Eating in Singapore
I’m going to take a break from my political rantings here and, instead write the first, but not the last, article on Singapore. I think it appropriate to start with my impressions of the local food.
Singapore is known for its wonderful cuisine. I have fallen in love with it. Eating is an art here and there are restaurants, coffee shops and hawker centers absolutely everywhere. One could never hope to try them all in a lifetime.
There are restaurants that are very much like those in the west. Often they are in the hotels or shopping malls and many are franchises of western chains. You will see Tony Roma’s, Sizzler, Kenny Rogers, etc. not to mention the fast food joints like Macs, Burger King, KFC and even a new Carl’s Jr.s. But these are expensive. The real food is found in the hawker centers and coffee shops. A hawker center is usually an open, covered food court with several food booths selling different specialties. There may be as many as 50 or more booths to a single hawker center. Here you will find different Chinese dishes, Malay food, Indonesian food, Thai food, etc.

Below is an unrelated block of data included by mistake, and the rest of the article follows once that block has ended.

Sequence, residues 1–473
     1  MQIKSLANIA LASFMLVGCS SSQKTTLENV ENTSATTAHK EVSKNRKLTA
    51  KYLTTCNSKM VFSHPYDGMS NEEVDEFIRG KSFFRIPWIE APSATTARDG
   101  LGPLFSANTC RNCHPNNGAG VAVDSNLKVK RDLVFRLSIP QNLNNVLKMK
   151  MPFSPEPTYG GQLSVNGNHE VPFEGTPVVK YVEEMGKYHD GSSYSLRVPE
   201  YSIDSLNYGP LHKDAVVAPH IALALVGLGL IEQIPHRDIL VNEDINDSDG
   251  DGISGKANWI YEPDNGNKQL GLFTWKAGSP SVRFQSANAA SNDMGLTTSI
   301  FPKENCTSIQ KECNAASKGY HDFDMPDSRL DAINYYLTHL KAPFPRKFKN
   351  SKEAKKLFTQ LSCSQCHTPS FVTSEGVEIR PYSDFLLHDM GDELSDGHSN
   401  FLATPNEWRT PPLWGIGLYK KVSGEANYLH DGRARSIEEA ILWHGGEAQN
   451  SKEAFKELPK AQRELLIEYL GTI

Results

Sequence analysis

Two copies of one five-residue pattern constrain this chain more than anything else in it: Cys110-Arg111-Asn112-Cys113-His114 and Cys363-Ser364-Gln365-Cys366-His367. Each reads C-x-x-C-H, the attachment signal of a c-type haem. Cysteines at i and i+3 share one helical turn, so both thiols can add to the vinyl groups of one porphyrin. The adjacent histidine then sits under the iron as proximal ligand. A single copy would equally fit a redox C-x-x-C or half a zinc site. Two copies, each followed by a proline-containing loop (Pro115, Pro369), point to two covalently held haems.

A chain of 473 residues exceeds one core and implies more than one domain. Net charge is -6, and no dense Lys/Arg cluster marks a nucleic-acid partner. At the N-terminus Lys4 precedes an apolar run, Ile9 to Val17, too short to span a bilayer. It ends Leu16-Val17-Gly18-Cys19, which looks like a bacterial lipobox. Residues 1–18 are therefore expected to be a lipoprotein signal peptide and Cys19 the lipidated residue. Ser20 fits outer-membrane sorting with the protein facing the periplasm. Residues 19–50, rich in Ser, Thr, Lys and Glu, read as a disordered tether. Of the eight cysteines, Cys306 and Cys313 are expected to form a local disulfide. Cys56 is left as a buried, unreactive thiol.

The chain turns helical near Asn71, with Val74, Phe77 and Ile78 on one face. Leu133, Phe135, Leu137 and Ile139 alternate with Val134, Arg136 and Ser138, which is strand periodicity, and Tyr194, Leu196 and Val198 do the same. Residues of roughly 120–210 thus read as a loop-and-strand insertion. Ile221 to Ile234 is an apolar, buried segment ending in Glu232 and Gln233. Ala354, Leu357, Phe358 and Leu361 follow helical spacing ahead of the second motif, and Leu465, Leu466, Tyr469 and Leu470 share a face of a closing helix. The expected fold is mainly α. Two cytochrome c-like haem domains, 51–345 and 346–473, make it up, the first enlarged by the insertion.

The prices for a typical lunch is 3 dollars sing…about $2.00 US. I love the Laksa, which is a Chinese dish of noodles along with any number of other ingredients such as breaded eggs, tofu, vege’s, meats or fish all in a very spicy thin gravy. I love trying new Laksa places. Various noodle dishes are popular from beef noodles, Bee Hoon, fat noodles, thin noodles, flat or round, yellow or white. Mmm..love them all. I am also partial to Briyani, which is a Malay rice dish with gravy and either mutton or chicken. Beef is not eaten much here because it is expensive. Most of the beef comes from Australia and is very tough because it has little or no fat content. More popular is mutton. I have grown to love it. Very often, a hawker center will be part of a larger food market where you can buy fresh fish, fruits, vegetables, fowl etc.
Coffee shops are much like hawker centers but on a smaller scale. They too have a variety of food booths but maybe only 4 to 6. You will see people eating, drinking coffee and chatting at these ourdoor eateries any time of the night or day. They are usually very clean with electric fans all around to control the heat and any flying insects (there are very few).
At home I usually just have coffee and a roll for breakfast. A typical dinner will include homemade soup, rice, vegetables, a fish, chicken and perhaps tofu. I have that almost every nite. Maybe this is why I have dropped 40 lbs since I moved to Singapore.